Title

Charcoal Production In Mixed-Conifer Forest After a High-Severity Initial Fire and Repeat Burn

Presentation Type

Presentation

Abstract

Charcoal is a fundamental component for the available carbon in a forest system and is most commonly produced through fire events. Factors controlling the net amount of black carbon in the form of charcoal have yet to be well understood in mixed-conifer forest ecosystems. Fire events produce charcoal through incomplete combustion of vegetative material. To understand the influence of fire on a landscape's potential charcoal production, samples were taken at ten sites where an initial fire burned at high severity in 2003 with ten corresponding sites of the same initial fire that experienced a repeat burn in 2011 and 2013. Samples were cross-sections of coarse woody debris present on the ground where charcoal depth was measured along transects. The volume of charcoal on coarse woody debris was calculated using the diameter of the coarse woody debris compared to the charcoal depth at each site. The total volume of charcoal produced was greater in sites that experienced a repeat burn with the mean of the repeat burn sites accumulated charcoal equaling 11.8 m3/ha compared to the once-burned mean of 6.4 m3/ha. From a Wilcoxon Rank Sum Test for the charcoal comparison between site types the p-value equaled 0.09. Charcoal volume varied in sites that experienced only the initial high severity fire. The charcoal production appeared different between the two types of sites, indicating that repeat burns of various severity types may produce differences in charcoal availability. Management practices allowing repeat burns may increase available black carbon that may be sequestered into soils to contribute to soil productivity and fertility as well as positively contribute to nutrient cycling in forests.

Category

Physical Sciences

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Apr 17th, 1:40 PM Apr 17th, 2:00 PM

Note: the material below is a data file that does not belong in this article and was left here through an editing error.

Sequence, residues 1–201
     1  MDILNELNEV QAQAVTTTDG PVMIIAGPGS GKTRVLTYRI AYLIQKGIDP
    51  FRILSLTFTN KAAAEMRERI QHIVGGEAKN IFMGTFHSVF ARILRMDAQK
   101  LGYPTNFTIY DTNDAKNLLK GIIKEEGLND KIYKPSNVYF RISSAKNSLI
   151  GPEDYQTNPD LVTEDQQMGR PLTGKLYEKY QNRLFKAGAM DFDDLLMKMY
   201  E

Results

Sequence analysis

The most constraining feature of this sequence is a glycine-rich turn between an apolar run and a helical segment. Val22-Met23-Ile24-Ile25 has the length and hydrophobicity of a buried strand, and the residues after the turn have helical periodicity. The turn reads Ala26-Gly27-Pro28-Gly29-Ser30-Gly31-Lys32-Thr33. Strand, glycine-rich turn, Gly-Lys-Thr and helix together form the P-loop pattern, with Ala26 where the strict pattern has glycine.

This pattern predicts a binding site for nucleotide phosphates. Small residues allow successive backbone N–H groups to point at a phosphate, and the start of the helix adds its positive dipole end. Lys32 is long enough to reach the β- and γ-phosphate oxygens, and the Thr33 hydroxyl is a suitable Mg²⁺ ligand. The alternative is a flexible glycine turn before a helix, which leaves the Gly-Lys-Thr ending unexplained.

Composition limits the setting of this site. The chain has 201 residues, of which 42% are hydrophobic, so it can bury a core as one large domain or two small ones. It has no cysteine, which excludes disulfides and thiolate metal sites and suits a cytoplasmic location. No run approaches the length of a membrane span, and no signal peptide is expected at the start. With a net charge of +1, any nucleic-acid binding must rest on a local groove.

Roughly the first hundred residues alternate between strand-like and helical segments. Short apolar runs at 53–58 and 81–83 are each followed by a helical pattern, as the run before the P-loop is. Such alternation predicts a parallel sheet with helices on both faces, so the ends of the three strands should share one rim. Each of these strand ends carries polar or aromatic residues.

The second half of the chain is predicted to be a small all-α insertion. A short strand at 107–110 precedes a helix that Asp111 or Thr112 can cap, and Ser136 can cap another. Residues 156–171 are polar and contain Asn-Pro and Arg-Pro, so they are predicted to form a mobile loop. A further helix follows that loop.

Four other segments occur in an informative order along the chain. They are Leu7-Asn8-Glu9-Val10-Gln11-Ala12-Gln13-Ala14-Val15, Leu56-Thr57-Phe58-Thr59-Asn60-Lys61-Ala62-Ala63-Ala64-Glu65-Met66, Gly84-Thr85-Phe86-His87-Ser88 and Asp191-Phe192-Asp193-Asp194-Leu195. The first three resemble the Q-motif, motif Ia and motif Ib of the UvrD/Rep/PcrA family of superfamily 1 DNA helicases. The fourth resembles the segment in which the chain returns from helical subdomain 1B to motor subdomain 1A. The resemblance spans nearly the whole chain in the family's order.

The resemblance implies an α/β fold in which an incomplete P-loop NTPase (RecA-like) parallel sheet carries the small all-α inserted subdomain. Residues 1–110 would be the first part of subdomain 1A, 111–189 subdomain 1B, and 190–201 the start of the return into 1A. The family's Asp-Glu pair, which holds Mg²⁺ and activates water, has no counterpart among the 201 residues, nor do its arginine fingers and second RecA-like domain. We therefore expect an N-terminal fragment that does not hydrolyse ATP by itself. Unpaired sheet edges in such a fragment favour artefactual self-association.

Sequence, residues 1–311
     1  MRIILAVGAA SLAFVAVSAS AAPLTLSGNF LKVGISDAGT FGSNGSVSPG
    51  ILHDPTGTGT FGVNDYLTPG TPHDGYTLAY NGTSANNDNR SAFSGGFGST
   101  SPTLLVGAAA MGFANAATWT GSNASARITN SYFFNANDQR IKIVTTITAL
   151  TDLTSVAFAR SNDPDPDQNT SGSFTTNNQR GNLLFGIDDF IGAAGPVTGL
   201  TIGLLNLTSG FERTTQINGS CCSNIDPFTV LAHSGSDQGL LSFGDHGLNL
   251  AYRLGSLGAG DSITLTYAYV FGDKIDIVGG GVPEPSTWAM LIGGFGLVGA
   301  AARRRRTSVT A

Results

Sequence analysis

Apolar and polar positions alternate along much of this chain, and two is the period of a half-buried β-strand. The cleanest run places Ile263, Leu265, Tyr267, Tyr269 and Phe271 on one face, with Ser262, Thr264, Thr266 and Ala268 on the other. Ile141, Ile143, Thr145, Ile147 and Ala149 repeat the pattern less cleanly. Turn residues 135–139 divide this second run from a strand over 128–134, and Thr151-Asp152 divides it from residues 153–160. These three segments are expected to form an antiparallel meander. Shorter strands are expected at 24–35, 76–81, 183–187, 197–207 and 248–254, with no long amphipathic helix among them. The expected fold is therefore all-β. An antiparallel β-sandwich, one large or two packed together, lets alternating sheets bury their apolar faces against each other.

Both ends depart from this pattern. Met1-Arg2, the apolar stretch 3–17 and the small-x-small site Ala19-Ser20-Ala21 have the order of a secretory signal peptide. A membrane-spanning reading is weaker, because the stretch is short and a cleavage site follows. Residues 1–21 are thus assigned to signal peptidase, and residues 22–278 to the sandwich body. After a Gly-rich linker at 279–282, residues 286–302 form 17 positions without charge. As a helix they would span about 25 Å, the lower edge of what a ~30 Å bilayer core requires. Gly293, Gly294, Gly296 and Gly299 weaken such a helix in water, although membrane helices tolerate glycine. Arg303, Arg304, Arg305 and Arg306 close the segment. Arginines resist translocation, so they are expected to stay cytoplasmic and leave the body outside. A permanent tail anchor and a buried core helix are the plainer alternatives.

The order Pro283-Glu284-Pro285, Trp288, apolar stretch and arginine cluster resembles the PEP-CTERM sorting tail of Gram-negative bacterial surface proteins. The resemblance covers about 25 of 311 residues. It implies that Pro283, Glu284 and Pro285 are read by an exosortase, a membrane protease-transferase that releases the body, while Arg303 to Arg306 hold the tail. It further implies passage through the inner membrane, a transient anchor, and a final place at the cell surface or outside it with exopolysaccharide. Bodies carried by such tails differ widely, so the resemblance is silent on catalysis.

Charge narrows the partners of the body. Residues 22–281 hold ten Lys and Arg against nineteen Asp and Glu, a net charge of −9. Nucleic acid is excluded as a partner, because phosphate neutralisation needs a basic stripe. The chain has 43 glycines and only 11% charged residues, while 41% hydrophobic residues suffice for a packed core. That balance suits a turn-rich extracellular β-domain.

Charcoal Production In Mixed-Conifer Forest After a High-Severity Initial Fire and Repeat Burn

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Charcoal is a fundamental component for the available carbon in a forest system and is most commonly produced through fire events. Factors controlling the net amount of black carbon in the form of charcoal have yet to be well understood in mixed-conifer forest ecosystems. Fire events produce charcoal through incomplete combustion of vegetative material. To understand the influence of fire on a landscape's potential charcoal production, samples were taken at ten sites where an initial fire burned at high severity in 2003 with ten corresponding sites of the same initial fire that experienced a repeat burn in 2011 and 2013. Samples were cross-sections of coarse woody debris present on the ground where charcoal depth was measured along transects. The volume of charcoal on coarse woody debris was calculated using the diameter of the coarse woody debris compared to the charcoal depth at each site. The total volume of charcoal produced was greater in sites that experienced a repeat burn with the mean of the repeat burn sites accumulated charcoal equaling 11.8 m3/ha compared to the once-burned mean of 6.4 m3/ha. From a Wilcoxon Rank Sum Test for the charcoal comparison between site types the p-value equaled 0.09. Charcoal volume varied in sites that experienced only the initial high severity fire. The charcoal production appeared different between the two types of sites, indicating that repeat burns of various severity types may produce differences in charcoal availability. Management practices allowing repeat burns may increase available black carbon that may be sequestered into soils to contribute to soil productivity and fertility as well as positively contribute to nutrient cycling in forests.